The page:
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Australia's Water Crisis: Change Starts at Home

September 12, 2019

Australia's Water Crisis: Change Starts at Home

After a dry winter in most parts of Australia, and with water levels hovering at 50% or lower, state governments and councils are taking drastic measures to keep water from running out.

Certain parts of Australia, particularly Sydney and several towns and cities in the Southern Downs region, are facing some of the toughest water restrictions in over a decade. State governments are imposing penalties on residents and businesses for using sprinklers or filling their pools.

Here’s what you need to know about the new restrictions, along with tips for conserving water at home.  

More on Australia’s water restrictions

Sydney introduced level one water restrictions in June of this year, with Sydney Water fining residents $220 for using a garden hose between 10 a.m. and 4 p.m. Residents have also been asked to report neighbors caught violating the hose rule.

For businesses, the fine goes up to $550.

Level one restrictions are introduced when city’s water supply hits 50%, although the local government took no chances and put the restrictions in place as soon as water levels dropped to 53%.

Level two restrictions are introduced when water levels hit 40%, during which the local government limits residents’ personal water use, as well the number of days they water their gardens.

Should water supply fall to 30%, the state government will have to introduce level three restrictions, which prohibit the washing of cars and other outdoor surfaces. Residents will only be allowed to use greywater for watering their gardens.

The 2017 Metropolitan Water Plan has recommended the expansion of Sydney’s lone desalination (desal) plant, which supplies 15% of the city’s water, to increase production to 30% if water levels dwindle to 35%.

Tenterfield has also taken a hit, with level 4.5 restrictions prohibiting residents from washing cars and topping up recreational pools. Water levels at the local dam plunged to 33% in June.

The situation in Southern Downs is just as dire, with drought ravaging parts of southern Queensland. Councils introduced water restrictions in September 2019, limiting residents’ water consumption to just 100 litres per day.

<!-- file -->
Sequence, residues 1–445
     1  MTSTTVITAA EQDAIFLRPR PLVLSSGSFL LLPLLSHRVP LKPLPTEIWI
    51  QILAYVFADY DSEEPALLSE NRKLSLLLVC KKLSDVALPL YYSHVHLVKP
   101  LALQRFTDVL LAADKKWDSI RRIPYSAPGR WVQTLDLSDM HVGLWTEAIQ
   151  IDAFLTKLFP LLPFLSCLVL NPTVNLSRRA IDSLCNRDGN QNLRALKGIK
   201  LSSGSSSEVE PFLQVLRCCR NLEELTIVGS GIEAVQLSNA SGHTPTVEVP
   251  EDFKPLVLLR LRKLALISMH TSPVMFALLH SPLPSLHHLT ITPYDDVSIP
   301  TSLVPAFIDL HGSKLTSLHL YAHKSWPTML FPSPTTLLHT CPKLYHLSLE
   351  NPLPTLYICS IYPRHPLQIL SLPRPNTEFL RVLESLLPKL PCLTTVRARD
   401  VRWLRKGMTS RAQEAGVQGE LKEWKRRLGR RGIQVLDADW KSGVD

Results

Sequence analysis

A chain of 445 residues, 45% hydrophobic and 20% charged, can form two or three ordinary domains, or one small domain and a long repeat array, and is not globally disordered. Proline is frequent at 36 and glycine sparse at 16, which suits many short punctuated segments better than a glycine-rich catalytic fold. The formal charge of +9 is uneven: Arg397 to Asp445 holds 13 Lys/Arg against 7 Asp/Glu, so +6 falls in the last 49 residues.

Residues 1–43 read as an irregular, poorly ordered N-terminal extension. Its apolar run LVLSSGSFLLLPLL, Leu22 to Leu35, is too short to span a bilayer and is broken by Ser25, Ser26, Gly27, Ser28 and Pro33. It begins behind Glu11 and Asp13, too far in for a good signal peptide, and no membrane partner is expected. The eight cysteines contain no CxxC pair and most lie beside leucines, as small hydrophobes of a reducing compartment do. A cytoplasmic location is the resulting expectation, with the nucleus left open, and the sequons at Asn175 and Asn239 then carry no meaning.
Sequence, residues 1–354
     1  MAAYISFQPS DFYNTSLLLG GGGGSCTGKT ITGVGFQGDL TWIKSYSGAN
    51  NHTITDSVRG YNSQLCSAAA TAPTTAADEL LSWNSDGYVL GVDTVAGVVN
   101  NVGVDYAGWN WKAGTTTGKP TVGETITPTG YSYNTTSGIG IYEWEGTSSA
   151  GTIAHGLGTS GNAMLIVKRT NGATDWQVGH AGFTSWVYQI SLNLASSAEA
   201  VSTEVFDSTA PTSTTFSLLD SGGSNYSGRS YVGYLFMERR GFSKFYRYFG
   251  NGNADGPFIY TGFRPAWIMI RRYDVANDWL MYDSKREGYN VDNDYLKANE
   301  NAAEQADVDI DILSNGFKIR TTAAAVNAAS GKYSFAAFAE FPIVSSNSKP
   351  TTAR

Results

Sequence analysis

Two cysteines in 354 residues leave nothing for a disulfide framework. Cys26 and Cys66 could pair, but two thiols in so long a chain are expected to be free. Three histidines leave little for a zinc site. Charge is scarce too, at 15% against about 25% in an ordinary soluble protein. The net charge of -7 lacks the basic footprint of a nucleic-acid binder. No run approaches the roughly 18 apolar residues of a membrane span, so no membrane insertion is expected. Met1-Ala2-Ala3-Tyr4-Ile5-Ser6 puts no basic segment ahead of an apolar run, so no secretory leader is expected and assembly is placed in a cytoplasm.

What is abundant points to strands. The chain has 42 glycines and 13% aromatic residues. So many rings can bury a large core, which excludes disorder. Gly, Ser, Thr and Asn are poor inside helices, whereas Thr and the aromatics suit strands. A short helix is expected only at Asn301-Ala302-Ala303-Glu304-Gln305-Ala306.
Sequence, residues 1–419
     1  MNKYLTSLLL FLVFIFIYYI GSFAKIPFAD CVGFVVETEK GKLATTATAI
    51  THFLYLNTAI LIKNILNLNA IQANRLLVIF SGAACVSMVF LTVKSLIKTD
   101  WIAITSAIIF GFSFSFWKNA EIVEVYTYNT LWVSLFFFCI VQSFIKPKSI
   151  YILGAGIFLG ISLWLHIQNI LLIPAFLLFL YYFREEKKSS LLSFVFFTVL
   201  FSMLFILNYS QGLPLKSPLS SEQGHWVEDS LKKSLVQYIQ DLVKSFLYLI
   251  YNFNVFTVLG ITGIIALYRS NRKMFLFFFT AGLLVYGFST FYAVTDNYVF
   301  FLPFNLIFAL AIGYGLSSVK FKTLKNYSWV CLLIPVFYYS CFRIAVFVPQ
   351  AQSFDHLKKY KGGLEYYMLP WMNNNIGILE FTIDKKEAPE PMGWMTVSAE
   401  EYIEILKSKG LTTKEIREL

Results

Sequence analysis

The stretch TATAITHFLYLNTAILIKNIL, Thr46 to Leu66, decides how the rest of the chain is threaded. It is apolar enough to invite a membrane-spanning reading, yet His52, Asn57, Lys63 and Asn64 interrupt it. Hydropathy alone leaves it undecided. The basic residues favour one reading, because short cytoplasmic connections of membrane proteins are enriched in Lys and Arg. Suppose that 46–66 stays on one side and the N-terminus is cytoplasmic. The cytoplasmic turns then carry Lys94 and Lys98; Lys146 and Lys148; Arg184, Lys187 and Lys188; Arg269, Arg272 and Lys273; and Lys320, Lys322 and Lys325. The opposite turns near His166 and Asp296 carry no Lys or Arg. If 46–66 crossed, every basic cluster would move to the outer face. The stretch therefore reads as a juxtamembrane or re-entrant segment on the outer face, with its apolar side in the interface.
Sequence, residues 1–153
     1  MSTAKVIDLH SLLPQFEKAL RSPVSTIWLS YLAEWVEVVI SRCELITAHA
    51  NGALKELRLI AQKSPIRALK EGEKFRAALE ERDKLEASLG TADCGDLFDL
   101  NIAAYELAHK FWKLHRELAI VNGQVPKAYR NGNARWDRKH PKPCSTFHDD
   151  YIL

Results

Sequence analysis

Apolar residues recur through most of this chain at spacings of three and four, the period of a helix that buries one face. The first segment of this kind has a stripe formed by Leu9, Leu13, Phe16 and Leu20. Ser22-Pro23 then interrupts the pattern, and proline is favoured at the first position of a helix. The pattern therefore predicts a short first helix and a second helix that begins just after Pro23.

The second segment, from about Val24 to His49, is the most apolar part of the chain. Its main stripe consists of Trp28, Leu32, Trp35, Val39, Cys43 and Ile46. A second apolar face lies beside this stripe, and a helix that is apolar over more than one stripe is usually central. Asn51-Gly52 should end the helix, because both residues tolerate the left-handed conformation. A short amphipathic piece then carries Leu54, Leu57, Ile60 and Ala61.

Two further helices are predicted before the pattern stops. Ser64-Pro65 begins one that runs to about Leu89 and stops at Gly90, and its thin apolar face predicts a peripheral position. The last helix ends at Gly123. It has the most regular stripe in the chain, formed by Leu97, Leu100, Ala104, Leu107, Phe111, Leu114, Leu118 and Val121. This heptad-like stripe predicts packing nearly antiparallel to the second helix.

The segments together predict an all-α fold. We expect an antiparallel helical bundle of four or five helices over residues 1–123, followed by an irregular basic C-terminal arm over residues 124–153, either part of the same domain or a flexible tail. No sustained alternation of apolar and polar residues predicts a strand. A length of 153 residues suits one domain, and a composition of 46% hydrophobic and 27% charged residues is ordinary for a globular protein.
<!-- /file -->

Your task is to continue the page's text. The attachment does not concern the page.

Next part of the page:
The restrictions apply to centres like Warwick, Stanthorpe, Killarney, and Allora.

Water levels at Stanthorpe’s dam currently sit at a critical 22.4%. Experts predict that, with no inflow, the dam could run out of water by December 2019 or January 2020, forcing the town to truck water for more than 30 miles from Warwick.

However, Warwick’s above-ground supply could run out by December 2020 if there is no inflow.

Click here for updates on water levels and expected run out dates in Warwick and Stanthorpe.  

How to conserve water

Australia’s water restrictions have been devastating for farmers and trade workers who rely on water to get work done.

Farmers in the continent’s most affected areas have taken to rationing water, while house painters now scrub and sand outdoor surfaces manually instead of water-blasting exterior walls.

More recently, low rainfall and dry conditions have exacerbated bushfires across Queensland, forcing residents to deplete their water tanks to combat the flames. The government has assured residents that they will replenish their water tank supply, while charities and individuals have made water donations of their own.

The situation is severe, but you can do your part by conserving water. According to ABC News, 70% of water consumption in Sydney takes place in the home.

These tips can help reduce residential water use:

  • Do your laundry less often – And when you do wash your clothes, make sure to fill the washing machine. Doing a full run instead of two or more half-runs will reduce water consumption.

If you’re upgrading to a new machine, choose a front-loader, which requires roughly half the amount of water that a top loader uses.

Instead of throwing clothes in the wash, consider airing them out instead if they aren’t dirty. Hang them up or put them back in the wardrobe until the next time you wear them.

  • Take quick showers – Keep your showers to just three minutes, and collect shower water in your tub or a bucket. Upgrade your bathroom with water-efficient taps and showerheads with at least a three or four-star Water Efficiency Labelling and Standard (WELS) rating, and fix any leaks.
  • Use an efficient dishwasher – A study by Bonn University found that hand-washing the dishes uses up 100 litres of water on average, while a dishwasher uses only 12 litres for the same number of kitchen wares. Some of the newer dishwashers in the market are equipped with technology that retains the final rinse water of a cycle to be used for the first rinse of the following cycle.
  • Save water in the garden – Aside from using greywater to water plants, growing compost underneath the mulch can help reduce water consumption, as it increases the soil’s water-holding capacity. You can also install a water tank for catching rain water.

Waters Co believes in water conservation. Using water-efficient products and adjusting our personal habits can help us comply with Australia’s water restrictions.





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